Tesco’s Service Marketing Mix

Product Element

Tesco aim to:

– build strong relationships with our suppliers

– get the best value for our customers

– give our customers confidence that we maintain good standards throughout our supply chain

At Tesco their aim is to buy and sell products responsibly – so that customers know that everything they buy is produced under decent conditions, and everyone involved is treated fairly. They believe firmly in the benefits of trade. For customers, they use trading to put products within the reach of ordinary people, and ensure economic growth. For suppliers, they have a wide influence on the way they treat their workforce.

They want the right values in supply chain, good animal welfare, and decent prices and conditions for suppliers. At the same time, they also need to provide good value products to customers, many of whom are currently struggling to make ends meet.

Place & Time Element

Tesco Malaysia operates 36 stores and in two formats following the acquisition of the Makro Cash and Carry business in Malaysia in December 2006. Tesco Stores Malaysia Sdn Bhd has been separated into 2 formats which are Tesco Hypermarket and Tesco Extra Hypermarket.

Tesco Hypermarkets

The hypermarket format offers customers a complete one stop shopping for their needs from fresh food to groceries, from household needs to apparel. It carries more than 60,000 lines of products including nearly 3,000 own brand of products ranging from food to non-food items.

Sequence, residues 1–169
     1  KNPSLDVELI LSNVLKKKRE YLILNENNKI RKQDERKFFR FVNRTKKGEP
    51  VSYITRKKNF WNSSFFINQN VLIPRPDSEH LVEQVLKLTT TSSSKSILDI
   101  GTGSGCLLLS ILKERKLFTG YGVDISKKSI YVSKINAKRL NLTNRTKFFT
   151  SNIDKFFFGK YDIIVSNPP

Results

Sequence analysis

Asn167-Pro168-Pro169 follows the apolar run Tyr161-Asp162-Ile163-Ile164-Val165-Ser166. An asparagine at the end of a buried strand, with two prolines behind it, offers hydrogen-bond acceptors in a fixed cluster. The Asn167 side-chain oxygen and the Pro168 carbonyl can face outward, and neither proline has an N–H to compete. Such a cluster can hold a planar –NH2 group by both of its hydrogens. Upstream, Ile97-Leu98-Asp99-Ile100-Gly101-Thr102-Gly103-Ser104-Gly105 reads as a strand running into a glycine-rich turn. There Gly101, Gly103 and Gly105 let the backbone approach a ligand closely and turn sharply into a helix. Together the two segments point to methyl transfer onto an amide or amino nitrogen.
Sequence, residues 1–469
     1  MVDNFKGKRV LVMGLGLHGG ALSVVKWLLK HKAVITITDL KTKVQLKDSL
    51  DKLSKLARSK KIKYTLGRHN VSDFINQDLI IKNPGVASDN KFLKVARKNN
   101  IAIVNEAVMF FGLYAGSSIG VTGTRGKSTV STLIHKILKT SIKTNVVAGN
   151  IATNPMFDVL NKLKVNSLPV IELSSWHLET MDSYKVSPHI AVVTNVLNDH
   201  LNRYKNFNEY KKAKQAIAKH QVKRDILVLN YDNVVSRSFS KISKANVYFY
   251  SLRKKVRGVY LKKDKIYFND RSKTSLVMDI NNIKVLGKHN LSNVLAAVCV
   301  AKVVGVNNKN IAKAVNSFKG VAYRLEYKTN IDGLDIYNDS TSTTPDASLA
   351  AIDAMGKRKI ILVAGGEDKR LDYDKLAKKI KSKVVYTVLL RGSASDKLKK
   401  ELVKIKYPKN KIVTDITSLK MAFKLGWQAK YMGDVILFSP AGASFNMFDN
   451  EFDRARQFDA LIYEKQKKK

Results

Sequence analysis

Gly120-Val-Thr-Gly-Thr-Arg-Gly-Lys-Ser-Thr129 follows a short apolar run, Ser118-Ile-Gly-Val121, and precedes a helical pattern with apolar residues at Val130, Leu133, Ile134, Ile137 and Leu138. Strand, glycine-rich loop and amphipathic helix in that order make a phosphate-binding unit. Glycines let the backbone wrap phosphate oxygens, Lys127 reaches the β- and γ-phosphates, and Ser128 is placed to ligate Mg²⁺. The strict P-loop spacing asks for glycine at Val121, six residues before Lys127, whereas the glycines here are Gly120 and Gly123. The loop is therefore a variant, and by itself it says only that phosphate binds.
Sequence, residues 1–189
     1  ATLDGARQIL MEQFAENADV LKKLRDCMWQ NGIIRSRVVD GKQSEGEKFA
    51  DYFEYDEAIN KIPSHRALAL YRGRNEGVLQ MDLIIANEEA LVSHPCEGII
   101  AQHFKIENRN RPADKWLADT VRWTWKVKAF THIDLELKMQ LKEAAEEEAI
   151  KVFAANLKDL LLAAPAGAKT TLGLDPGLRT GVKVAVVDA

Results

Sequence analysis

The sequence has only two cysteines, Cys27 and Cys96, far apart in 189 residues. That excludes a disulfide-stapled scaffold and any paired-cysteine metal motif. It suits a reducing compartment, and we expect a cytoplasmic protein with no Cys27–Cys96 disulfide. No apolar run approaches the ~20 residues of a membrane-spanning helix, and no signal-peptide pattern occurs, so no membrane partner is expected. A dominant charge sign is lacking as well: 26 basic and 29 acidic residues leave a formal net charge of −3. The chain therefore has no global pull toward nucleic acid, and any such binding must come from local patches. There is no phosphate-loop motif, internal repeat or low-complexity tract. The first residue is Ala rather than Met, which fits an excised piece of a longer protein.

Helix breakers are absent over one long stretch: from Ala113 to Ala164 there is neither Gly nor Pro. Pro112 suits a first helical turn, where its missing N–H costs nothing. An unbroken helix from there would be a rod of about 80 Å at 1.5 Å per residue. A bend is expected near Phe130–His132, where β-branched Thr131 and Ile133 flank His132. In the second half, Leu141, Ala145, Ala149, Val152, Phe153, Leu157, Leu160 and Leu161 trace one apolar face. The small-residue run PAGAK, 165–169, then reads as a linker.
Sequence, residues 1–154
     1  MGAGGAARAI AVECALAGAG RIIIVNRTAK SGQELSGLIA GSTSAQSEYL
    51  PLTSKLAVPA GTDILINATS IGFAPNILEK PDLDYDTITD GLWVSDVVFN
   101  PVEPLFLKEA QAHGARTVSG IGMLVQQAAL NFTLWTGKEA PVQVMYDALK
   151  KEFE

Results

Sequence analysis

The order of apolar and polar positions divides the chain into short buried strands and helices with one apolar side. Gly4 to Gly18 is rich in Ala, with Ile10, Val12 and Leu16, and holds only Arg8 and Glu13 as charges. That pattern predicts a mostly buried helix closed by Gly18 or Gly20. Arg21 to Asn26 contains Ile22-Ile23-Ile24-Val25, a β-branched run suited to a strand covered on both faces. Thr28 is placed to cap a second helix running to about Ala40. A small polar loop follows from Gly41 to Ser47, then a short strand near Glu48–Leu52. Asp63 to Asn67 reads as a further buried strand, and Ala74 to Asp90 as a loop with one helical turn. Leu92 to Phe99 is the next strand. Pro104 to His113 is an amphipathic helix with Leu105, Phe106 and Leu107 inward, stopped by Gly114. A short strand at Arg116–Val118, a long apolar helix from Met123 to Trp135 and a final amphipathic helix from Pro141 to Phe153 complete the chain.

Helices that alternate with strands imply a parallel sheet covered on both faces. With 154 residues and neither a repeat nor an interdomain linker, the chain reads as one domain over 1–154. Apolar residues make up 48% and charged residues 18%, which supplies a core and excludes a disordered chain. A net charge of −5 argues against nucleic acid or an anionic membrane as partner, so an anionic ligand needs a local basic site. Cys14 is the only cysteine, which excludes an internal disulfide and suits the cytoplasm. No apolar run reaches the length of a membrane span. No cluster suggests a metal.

Tesco Extra Hypermarkets

The Tesco Extra format serves the needs of small businesses, families and individuals all under one roof by providing a comprehensive range of products and services focused for small businesses including bigger pack sizes, special trolleys and checkouts as well as a dedicated business development team to support small business owners with their orders. Tesco Extra, the newest business format in Malaysia opens its first store on 30th April in Seremban, with the conversion and refurbishment of what was once Makro Cash & Carry Seremban. Now, 7 other Extra stores are in operation. There are 3 Extra stores located in Klang Valley which is Extra Cheras, Extra Shah Alam and Extra Selayang. The remaining Extra Stores are located in Ipoh, Plentong Johor Bharu and Extra Sungai Dua in Penang. The new concept store will combine the best practices of both Tesco and Makro businesses. The Tesco Extra store will also cater to all the needs of individual customers and families through its services and extra range of food and non-food products as well as the unbeatable prices that have become the hallmark of Tesco in Malaysia. Tesco Extra also has enhanced facilities in the store including disabled parking and toilets, parent and baby parking, all credit cards accepted, customer loading facilities, and different types of trolleys and checkouts to cater to the varying segment of customers.

Promotion & Education Element